This invention provides a Forward Error Correction (FEC) technique that can be utilized in AM compatible IBOC (In-Band On-Channel) DAB (Digital Audio Broadcast) systems. This FEC technique is referred to herein as Complementary Pattern-mapped Trellis-Coded Modulation (CPTCM). The CPTCM coding is designed to accommodate the likely interference scenarios encountered in an AM IBOC DAB channel.

Referring to the drawings, FIG. 1 is a schematic representation of the subcarrier assignments for a hybrid AM in-band on-channel (IBOC) digital audio broadcasting system. The hybrid IBOC DAB signal 10 includes a main carrier 12 at frequency fo, that is analog modulated by a program signal in accordance with conventional AM broadcasting techniques. The signal also includes a plurality of evenly spaced subcarriers that are transmitted in the same channel as the analog modulated signal. First and second groups of subcarriers are positioned in upper and lower sidebands 14 and 16, respectively, and are referred to as the core subcarriers. A third group of subcarriers, referred to as enhancement subcarriers, is located in a central band 18, that is also occupied by the analog modulated carrier. The subcarriers in the first and second groups are modulated both in-phase and in quadrature with respect to the analog modulated carrier. The subcarriers in the third group are arranged in complementary pairs and modulated in quadrature with the analog modulated carrier. Two subcarriers 20 and 22 of the third group that lie closest to the center of the channel are referred to as timing subcarriers and are modulated using BPSK modulation. A digital audio broadcasting system that utilizes complementary carriers is disclosed in U.S. Pat. No. 5,859,876, which is hereby incorporated by reference.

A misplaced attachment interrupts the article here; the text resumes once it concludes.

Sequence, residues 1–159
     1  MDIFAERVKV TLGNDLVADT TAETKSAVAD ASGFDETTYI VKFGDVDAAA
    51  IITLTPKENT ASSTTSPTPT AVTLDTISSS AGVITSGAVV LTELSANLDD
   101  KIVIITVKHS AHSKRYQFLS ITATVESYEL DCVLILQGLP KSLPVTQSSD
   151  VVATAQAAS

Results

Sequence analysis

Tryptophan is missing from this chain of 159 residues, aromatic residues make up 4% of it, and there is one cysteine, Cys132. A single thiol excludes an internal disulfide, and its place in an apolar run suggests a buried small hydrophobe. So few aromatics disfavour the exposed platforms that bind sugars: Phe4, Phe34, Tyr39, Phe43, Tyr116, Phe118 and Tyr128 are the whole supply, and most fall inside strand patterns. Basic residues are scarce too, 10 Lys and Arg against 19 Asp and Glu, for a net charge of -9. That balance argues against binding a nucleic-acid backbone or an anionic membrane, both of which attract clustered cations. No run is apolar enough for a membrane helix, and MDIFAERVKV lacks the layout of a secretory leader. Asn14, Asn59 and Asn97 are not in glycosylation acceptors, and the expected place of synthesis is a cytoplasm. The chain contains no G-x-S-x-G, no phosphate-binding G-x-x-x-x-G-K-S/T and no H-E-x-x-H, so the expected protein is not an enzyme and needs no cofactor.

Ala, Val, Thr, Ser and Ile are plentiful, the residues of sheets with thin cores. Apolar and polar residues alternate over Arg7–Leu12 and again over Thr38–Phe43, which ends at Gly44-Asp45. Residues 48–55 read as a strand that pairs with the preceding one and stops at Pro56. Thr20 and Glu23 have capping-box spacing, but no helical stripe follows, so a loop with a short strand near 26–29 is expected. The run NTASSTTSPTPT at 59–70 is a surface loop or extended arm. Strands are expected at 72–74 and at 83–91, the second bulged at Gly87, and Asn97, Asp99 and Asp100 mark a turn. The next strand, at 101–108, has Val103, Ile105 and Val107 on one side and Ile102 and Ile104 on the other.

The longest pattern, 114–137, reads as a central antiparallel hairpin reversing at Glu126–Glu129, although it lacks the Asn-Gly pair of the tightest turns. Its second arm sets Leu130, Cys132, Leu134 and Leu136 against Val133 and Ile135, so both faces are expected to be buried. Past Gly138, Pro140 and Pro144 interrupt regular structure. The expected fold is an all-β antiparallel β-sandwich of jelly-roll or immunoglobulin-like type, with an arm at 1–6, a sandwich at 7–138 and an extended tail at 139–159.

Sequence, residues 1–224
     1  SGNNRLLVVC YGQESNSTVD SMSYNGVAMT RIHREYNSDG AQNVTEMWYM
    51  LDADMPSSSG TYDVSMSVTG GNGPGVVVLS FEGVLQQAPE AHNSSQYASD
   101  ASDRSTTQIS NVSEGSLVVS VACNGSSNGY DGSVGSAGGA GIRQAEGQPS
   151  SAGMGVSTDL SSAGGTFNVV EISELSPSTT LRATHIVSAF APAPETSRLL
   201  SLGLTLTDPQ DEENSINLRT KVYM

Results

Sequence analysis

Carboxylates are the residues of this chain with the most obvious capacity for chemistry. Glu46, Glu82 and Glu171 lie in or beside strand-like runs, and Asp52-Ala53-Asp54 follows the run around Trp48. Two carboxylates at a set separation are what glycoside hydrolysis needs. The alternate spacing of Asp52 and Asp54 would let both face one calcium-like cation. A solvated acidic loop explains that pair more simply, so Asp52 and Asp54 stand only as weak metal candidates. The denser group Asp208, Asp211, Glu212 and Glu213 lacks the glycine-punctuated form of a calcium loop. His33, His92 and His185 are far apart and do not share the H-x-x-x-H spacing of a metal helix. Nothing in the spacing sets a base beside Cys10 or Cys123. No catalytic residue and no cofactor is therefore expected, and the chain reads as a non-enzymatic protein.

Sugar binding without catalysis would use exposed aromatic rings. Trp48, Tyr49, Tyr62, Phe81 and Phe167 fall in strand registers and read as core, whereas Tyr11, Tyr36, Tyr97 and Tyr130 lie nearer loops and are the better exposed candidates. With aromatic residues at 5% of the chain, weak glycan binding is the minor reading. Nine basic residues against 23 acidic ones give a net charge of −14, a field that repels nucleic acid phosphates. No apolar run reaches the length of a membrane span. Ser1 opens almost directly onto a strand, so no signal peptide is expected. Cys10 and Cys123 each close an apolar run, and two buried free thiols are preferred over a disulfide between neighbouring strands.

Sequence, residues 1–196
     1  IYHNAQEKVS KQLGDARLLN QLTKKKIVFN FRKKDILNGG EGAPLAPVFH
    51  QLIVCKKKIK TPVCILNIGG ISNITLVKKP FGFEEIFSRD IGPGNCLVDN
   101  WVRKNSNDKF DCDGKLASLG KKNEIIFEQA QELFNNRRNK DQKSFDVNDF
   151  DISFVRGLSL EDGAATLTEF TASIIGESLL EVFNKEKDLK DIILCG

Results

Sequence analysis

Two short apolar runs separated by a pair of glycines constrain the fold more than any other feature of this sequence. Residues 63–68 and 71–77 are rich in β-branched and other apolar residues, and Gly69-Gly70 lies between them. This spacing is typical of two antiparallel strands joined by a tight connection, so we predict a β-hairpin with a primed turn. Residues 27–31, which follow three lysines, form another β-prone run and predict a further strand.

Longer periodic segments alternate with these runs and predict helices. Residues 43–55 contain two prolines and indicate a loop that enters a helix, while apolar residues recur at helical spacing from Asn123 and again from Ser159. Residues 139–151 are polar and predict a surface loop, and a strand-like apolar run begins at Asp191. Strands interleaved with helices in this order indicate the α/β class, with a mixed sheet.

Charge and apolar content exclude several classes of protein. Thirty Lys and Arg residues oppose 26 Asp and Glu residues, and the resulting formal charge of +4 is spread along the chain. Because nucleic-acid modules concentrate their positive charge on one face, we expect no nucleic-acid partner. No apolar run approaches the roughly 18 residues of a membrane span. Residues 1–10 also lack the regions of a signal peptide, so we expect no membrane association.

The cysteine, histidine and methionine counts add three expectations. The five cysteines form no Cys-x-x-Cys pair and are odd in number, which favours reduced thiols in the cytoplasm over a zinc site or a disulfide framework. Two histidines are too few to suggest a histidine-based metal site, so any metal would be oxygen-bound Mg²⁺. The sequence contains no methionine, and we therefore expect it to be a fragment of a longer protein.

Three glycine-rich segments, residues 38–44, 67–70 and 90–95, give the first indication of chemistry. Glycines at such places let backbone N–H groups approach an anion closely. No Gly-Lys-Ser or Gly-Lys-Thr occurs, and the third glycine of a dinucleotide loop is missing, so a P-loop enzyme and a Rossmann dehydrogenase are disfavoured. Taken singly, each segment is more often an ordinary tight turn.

FIG. 2 is a schematic representation of the subcarrier assignments for an all-digital in-band on-channel (IBOC) digital audio broadcasting system. The all-digital IBOC DAB signal 30 includes first and second groups 32 and 34 of evenly spaced subcarriers, referred to as the core subcarriers, that are positioned in upper and lower sidebands 36 and 38. Third and fourth groups 40 and 42 of subcarriers, referred to as enhancement subcarriers, are also positioned in upper and lower sidebands 36 and 38. Two timing subcarriers 44 and 46 of the third group that lie closest to the center of the channel and are modulated using BPSK modulation.

The AM IBOC DAB signal is digitally modulated using COFDM (Coded Orthogonal Frequency Division Multiplexing). Each of the subcarriers is modulated using 64-QAM symbols. The digital information (e.g. audio) is interleaved in partitions, and then FEC coded using complementary pattern-mapped trellis coded modulation (CPTCM). The CPTCM method of forward error correction (FEC) is based upon a combination of a new code pattern-mapping technique, and application of Complementary Punctured Codes to IBOC DAB systems, expanding the complementary-like properties to two dimensions.